Recently on CNBC's Mad Money, a show that I watch regularly, Jim Cramer recommended fertilizer producer CF Industries (NYSE:CF), which Cramer believes has some upside because the agricultural cycle may be returning. Is that the case? If so, I believe the miners of potash will be the first to recover, and nitrogen and phosphate will be last. Therefore, in this article I take a look at Potash Corporation, its latest quarter, its cost controls and also the company's big acquisition of Agrium Inc. (NYSE:AGU).
On a solid foundation
Courtesy of Potash Corporation Investor Relations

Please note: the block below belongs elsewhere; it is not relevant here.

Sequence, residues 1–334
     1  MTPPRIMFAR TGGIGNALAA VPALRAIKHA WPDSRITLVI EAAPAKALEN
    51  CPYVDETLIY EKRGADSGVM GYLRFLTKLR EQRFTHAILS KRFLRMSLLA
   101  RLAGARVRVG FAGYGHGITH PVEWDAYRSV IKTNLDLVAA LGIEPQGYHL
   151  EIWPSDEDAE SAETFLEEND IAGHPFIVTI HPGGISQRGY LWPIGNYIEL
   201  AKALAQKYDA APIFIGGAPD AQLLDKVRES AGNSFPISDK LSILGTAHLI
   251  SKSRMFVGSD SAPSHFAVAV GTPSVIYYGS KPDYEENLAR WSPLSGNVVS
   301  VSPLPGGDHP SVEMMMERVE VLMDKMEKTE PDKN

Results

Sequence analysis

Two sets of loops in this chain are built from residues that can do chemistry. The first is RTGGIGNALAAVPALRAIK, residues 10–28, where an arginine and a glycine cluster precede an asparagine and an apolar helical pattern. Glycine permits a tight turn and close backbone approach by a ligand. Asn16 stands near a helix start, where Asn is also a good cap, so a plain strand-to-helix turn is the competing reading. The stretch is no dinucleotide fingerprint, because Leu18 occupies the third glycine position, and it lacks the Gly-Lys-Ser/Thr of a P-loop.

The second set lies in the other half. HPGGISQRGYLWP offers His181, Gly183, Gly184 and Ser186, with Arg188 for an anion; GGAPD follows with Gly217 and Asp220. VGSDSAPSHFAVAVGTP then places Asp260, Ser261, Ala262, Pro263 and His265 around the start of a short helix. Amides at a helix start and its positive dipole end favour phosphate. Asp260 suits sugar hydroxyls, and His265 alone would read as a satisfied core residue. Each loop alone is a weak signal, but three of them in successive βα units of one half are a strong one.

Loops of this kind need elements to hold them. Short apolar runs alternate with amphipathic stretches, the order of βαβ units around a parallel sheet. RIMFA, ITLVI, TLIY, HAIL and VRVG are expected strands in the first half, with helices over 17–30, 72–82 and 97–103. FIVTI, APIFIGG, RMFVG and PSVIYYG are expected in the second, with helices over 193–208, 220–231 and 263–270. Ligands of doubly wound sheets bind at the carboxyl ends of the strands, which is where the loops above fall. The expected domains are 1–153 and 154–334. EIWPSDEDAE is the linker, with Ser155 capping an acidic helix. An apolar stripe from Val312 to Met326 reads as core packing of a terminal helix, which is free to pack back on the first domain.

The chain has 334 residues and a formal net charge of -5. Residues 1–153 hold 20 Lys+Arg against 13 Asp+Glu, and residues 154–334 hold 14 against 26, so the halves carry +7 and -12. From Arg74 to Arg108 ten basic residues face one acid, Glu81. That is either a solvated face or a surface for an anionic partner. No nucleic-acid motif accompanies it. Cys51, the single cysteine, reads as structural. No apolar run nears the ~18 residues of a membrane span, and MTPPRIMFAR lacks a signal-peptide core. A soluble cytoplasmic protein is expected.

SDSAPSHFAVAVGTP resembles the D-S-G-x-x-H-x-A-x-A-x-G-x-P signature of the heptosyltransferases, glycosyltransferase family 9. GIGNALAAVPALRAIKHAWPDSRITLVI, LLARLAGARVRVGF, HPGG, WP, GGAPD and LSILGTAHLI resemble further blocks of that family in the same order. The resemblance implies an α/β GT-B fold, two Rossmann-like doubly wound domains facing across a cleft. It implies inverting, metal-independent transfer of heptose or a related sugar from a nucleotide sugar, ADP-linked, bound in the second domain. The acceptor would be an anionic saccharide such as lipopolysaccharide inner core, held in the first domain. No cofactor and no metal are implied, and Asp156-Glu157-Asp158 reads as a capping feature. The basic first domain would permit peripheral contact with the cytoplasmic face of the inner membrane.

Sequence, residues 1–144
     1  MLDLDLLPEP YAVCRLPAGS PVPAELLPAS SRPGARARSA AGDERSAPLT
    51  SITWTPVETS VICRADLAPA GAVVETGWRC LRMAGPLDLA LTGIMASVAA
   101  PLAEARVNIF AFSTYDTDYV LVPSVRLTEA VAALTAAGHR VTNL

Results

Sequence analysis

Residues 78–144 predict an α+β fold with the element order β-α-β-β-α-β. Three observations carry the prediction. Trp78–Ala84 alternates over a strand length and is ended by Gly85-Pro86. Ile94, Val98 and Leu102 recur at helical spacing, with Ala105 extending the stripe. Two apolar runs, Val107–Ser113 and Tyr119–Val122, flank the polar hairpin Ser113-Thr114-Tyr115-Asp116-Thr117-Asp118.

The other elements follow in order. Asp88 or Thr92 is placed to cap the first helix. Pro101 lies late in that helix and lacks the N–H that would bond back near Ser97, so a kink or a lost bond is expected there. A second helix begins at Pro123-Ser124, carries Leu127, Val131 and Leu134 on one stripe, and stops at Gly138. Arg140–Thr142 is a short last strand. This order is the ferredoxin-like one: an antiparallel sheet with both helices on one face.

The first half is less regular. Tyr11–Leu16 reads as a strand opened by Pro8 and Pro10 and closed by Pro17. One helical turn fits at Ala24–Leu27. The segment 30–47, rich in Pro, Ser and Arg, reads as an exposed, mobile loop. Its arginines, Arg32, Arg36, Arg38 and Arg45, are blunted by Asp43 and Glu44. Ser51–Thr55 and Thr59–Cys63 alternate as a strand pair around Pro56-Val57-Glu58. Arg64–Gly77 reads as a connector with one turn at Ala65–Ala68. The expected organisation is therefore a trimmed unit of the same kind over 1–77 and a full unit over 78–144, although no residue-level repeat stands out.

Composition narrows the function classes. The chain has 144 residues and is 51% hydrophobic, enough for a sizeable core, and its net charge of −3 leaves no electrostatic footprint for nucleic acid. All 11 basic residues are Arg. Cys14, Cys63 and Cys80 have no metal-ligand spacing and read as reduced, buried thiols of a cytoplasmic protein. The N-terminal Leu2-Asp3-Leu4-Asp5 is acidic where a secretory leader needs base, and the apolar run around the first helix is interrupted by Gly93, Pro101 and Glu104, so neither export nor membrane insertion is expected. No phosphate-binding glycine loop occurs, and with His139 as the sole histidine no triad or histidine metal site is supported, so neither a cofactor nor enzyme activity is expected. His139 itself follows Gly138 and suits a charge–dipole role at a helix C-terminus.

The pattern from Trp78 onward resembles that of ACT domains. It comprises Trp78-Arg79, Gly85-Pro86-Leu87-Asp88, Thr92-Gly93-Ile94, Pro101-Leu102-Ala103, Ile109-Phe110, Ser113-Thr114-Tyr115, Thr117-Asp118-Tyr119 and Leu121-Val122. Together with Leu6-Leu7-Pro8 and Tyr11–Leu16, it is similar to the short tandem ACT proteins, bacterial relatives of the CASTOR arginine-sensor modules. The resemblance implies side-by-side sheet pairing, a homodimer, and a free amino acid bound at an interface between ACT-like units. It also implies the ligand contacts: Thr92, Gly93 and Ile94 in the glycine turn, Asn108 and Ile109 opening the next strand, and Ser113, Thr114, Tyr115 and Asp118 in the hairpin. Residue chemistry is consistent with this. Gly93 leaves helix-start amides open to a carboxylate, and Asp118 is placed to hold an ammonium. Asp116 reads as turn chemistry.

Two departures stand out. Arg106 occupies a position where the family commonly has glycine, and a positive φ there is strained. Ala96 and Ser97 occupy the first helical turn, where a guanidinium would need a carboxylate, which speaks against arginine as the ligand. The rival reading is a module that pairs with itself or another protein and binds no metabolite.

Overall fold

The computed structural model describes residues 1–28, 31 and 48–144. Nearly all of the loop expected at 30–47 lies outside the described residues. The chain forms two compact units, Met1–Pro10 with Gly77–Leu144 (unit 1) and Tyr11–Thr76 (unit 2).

As you can see above, Potash Corp. has done a rather good job at reducing its overall operating costs, mostly through reducing the variable, cash-related cost of goods sold. Much of this improvement is through cost reduction, but it is also due to a ramp-up of production in what is arguable the lowest-cost potash mine in the world, Rocanville. We can see that as Rocanville takes a larger and larger share of company production, the average cost continues to fall. Rocanville cash costs are currently down to $50 per tonne now that production has been ramped up. Remember, even today's "depressed" potash prices are over $200 per tonne, so Potash Corp. is doing quite well even now.
Data by Morningstar
Capital expenditure has also steadily declined, to the point where the dividend that Potash pays out, which yields just 2% at the moment, is sustainable from operating cash flow. Over the last twelve months, free cash flow was $508 million and the dividend was $454 million.